Lane insisted his deal does not create an appearance of impropriety, which is a strong component of the state Code of Judicial Conduct that the JQC enforces. “I’m willing to tell anybody how I did it,” he said. “I have never hidden that from anybody. If it looks bad to anybody, I guess it just looks bad. … I guess if the commission feels like it looks bad, I guess they will decide to change it. It’s their call.”
But, he added, “There’s not a state statute that says I can’t work more than that and not charge for it.”
Lane said he never notified the Judicial Retirement system in writing of the hours he expected to work annually for the JQC, explaining that it was the JQC chairman’s duty, not his, to do so. State law requires the state entity, in this case the JQC, to make the notification and penalizes any agency that fails to do so for any retirement benefits that might be wrongfully paid as a result.
Ingram and Tate both said that although Lane is billing the JQC $120 an hour, they never anticipated paying him more than the old director’s $120,000 annual salary, plus expenses, even though the contract contains no cap.
Ingram, Tate and Lane contend the arrangement with Lane saves the JQC and the state about $40,000 to $50,000 a year in health and retirement benefits the JQC otherwise would have to pay its director were Lane not already retired.
And they had hoped to hire another staff attorney, which Ingram had said would have relieved Lane of some of his responsibilities and possibly reduced his hours. That slot was never filled.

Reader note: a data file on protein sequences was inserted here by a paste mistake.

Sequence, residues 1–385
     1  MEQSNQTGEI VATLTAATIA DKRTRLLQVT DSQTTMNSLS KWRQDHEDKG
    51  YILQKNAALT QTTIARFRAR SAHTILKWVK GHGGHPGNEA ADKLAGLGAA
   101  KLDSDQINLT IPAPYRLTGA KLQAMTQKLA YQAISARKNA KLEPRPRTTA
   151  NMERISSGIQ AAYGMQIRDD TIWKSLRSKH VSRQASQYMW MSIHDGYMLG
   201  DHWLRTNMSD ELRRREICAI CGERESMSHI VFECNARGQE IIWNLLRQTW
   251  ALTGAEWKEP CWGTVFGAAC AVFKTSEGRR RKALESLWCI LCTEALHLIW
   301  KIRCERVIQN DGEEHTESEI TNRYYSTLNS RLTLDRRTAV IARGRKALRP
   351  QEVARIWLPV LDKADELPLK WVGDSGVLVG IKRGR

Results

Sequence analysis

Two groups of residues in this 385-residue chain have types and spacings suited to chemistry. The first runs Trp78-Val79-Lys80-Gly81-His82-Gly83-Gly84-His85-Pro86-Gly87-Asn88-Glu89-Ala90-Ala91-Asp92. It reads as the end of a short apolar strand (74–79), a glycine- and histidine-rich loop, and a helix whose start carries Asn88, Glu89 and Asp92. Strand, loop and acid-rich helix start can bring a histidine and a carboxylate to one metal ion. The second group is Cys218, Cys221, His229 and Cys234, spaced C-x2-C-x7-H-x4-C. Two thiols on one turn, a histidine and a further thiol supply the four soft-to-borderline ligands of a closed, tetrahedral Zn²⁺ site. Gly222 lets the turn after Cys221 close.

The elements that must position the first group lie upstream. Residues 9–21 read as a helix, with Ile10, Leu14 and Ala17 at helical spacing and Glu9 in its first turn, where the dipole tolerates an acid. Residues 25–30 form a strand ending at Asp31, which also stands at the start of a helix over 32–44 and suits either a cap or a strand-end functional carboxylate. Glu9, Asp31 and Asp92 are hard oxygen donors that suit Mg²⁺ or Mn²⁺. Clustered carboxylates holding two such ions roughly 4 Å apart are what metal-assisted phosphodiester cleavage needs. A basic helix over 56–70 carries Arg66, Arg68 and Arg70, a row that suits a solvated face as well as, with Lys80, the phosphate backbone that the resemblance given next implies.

“I didn’t know how many hours he would need to work,” Ingram said. “Plus, we knew we were going to be saving whatever the state had been paying in health and retirement benefits. We also got the assurance from Judge Lane that he would be doing everything that needed to be done in a timely manner and we would not have to worry about whether the work would be done.”
“If we were paying him the full-time director’s salary and the work was not getting done, we would have to let him go and bring someone else in, or his status would have to change,” he added.
Said Tate: “Ronnie Joe has always understood that what we are concerned about is that the cases that come to us are appropriately handed and handled in a timely fashion. I think he’s done that. As long as that job is getting done, I as commission chair and the other commissioners are happy with it.”
Lane said, “The commission decided because I had almost 40 years as a lawyer and 20 years as a judge, I was worth $120 a hour. You can say that’s too much money an hour. But the commissioners decided that’s what I was worth.”
“They chose to hire me and let me be retired,” he continued, adding that if he is wrong, “I can always quit. I will go back to being a senior judge is what I’ll do. … I am not doing this for the money. I can make more money doing other things that aren’t near as big a headache. I don’t think I’m doing anything wrong by billing and getting paid that money. I am volunteering on top of it.” Lane insists that his arrangement with the JQC is not a ruse that allows him to bill part-time hours for a full-time salary by the state while collecting state retirement benefits.
“I don’t see there is any ruse,” he said. “A ruse is trying to hide something.” Commission members, he said, The commission members “know I’m working more” than the 80 hours a month he bills. “I told them I would work as long as needed to get the job done. If they ever felt I was not doing enough to get the job done, they can terminate me.”